[For more on the subject Church's text of the Holy Scriptures and its importance, see my earlier posts: On Translating the Church's (and No Other) Bible and On the Necessity of Seriously and Critically Engaging Matters of Text and Translation.]

I Shall Not Want

The young man in the back seat, all of twenty, clearly was not at a loss for words: he spoke of his new job, of his recent purchases, of his plans, of his fiancée and unborn baby, of the bad situation at home, of the music on the radio. As we drove through places where one shouldn’t wander after dark, we came to a full stop behind a church busone of those, you know, with a Bible verse printed on the back door. It read:

“The Lord is my Shephard,
I Shall Not Want” (Ps. 23:1)

I noted the misspelling with amusement, and quickly redirected my attention to the stream of words coming from the back seat. The Scriptural quote did not fail to catch the young man’s attention, however, though for an altogether different reason.

He blurted out, “Now, what kind of church is that?” Never one to miss a chance to make a smart comment, I quipped, “Well, apparently one that quotes the Bible!” After a brief (and humorous) digression brought on by my comment, the young man returned to the Scriptural quote. “I shall not want,” he repeated. “What is that supposed to mean? Of course I want!”

My first thought was to perhaps explain to him that the passage doesn’t mean that one will not want things, and that, as I once suggested here, the phrase in question might be more idiomatically rendered as “I will lack nothing.” But then it hit me: this was no mere misunderstanding of an older translation. Of course he wants: he wants domestic peace, a bed on which to sleep, a fair shot at success in spite of a minor criminal record. He wants these things because he lacks them. And while “I will lack nothing” would undoubtedly elucidate the actual meaning of “I shall not want,” to him, the former would ring every bit as untrue as the latter.

I was then reminded of the searing words of the great Spanish biblical scholar Luis Alonso-Schökel:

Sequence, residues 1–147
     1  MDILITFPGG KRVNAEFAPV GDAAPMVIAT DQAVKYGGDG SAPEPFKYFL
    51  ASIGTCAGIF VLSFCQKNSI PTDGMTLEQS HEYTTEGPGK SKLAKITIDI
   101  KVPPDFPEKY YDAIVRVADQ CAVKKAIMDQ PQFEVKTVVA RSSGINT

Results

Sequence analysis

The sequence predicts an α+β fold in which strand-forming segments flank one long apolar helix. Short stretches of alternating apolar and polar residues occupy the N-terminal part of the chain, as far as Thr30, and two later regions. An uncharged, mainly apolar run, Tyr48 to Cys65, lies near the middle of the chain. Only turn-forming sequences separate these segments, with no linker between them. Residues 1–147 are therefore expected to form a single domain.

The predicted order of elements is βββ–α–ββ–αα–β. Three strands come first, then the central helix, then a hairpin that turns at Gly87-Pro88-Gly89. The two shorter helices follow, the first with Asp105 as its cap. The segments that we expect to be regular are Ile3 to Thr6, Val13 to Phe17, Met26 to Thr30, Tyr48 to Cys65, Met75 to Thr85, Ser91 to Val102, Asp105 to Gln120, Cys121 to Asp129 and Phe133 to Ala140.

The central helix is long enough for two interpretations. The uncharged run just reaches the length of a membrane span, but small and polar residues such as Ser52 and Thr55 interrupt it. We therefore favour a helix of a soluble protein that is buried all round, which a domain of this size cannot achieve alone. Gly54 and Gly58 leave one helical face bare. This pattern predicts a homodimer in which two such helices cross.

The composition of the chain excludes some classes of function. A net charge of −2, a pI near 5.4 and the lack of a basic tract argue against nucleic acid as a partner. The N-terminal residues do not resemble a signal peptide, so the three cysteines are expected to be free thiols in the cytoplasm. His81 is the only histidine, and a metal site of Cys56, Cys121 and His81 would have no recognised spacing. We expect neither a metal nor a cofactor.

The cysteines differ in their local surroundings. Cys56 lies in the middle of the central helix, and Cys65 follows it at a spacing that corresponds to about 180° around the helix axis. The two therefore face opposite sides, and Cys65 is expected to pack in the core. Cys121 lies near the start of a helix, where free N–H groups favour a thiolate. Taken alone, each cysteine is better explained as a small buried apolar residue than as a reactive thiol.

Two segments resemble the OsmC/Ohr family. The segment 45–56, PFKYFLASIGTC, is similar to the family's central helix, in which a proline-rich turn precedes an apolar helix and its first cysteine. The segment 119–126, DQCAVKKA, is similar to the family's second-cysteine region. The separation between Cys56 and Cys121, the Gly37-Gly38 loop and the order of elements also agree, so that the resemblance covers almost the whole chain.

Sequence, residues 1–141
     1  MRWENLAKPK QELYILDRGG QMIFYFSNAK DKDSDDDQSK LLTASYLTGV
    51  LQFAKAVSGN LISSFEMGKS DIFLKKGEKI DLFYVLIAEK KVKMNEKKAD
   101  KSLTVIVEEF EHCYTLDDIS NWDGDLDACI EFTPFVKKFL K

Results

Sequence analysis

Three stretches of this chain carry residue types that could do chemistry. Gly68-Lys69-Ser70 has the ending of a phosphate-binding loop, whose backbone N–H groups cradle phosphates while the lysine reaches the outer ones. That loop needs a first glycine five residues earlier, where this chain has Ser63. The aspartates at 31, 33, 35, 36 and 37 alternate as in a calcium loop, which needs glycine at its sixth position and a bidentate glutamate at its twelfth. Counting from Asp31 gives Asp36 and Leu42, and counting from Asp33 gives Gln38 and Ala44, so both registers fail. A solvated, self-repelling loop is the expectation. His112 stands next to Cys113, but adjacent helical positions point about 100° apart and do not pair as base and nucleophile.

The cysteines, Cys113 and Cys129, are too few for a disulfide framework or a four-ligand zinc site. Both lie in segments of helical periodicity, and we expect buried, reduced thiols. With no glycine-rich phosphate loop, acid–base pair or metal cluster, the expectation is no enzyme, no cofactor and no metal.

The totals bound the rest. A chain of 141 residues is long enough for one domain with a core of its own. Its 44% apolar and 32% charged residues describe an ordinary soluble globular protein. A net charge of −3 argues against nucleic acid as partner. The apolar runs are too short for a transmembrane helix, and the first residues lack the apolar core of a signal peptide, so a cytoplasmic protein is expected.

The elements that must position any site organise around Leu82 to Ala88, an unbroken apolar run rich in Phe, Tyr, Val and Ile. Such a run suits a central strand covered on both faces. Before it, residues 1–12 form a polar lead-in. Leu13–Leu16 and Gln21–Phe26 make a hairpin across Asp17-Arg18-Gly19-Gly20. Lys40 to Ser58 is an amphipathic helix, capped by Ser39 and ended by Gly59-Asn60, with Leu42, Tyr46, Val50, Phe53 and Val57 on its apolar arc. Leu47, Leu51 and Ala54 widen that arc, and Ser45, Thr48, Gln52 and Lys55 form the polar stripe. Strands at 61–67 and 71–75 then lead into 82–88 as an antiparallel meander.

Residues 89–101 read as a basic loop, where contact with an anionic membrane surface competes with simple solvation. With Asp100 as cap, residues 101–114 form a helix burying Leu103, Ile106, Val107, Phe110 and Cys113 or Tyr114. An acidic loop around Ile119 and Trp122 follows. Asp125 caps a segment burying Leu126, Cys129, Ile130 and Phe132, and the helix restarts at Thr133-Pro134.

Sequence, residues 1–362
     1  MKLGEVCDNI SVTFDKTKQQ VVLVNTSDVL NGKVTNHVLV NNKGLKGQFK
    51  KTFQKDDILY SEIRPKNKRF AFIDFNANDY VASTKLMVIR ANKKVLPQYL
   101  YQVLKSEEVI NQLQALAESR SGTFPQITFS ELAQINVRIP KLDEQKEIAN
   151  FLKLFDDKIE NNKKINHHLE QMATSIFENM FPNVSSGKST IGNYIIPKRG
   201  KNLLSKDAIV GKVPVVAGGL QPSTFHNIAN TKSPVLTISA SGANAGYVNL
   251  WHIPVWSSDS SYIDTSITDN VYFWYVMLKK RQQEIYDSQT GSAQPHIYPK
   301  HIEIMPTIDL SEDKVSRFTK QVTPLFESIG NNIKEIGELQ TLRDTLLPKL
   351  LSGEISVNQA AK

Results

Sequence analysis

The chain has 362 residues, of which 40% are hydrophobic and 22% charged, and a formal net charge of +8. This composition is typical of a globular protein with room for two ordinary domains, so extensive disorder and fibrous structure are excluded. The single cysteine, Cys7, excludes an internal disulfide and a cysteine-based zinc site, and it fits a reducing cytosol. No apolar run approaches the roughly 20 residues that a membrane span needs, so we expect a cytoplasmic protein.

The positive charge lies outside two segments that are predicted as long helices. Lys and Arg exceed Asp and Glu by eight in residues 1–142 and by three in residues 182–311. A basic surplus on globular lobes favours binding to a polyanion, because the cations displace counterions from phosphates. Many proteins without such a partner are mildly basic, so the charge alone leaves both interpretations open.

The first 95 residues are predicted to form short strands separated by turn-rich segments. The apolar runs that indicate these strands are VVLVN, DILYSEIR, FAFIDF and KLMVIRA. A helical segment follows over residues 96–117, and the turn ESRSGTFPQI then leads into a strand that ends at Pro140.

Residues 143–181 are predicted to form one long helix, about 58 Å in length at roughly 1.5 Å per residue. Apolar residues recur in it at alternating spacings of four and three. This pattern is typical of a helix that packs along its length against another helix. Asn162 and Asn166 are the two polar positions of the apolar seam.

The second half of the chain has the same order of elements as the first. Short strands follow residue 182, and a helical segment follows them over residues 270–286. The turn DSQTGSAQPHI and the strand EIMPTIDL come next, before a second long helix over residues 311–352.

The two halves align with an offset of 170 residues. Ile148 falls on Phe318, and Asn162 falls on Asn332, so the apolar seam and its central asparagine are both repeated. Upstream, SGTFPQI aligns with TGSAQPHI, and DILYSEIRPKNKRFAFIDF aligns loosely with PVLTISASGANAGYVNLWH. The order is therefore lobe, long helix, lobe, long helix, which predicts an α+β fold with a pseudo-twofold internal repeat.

“People ask us for bread, and we offer them a handful of hypotheses about a verse from St John chapter 6; they question us about God, and we offer them three theories about the literary genre of a Psalm; they thirst after righteousness, and we put before them an etymological disquisition on the root sedaqa…”1

And so, at a loss for words, I said nothing.

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Note:

1 Quoted in José Martínez, Hermenéutica bíblica (Terrassa: CLIE, 1984), pages 541-542; my translation.

An Announcement that Will Shake Biblioblogdom to Its Very Foundations

No, I’m not talking about the fact that Irreverend Mr Ker has named me one of the most dangerous Bible bloggers of 2008—though, as I noted there, I am very pleased that the very great dangers I pose to biblioblogging civilization have been recognized at long last. Nor am I talking about the auspicious reappearance of the organigram of the World Wide Blogging Syndicate, which proves beyond a shadow of a doubt that Jim West is the Boss Tweed of Biblioblogdom. What is it, then? Well, my gentle snowflakes, brace yourselves. I hereby announce my decision to switch to WordPress effective on the implementation of threaded comments in that blogging platform.

It is well known, of course, that I have been greatly tempted to do this in the past, but my resistance to change is such that I simply could not bring myself to do it in spite of the constant pleas of many. Among the chief moaners advocates of such a change are Nick Norelli and David Ker. The Irreverend Mr Ker has often accused me of anti-Third World bias pointed out that the Blogger platform is more difficult to access from underdeveloped countries, for which observation I’m very thankful. And I likewise remain deeply grateful to Nick, who routinely threw a hissy fit suspended his usual embargo on Blogger blogs to comment here. His whining kindness has paid off handsomely in the end.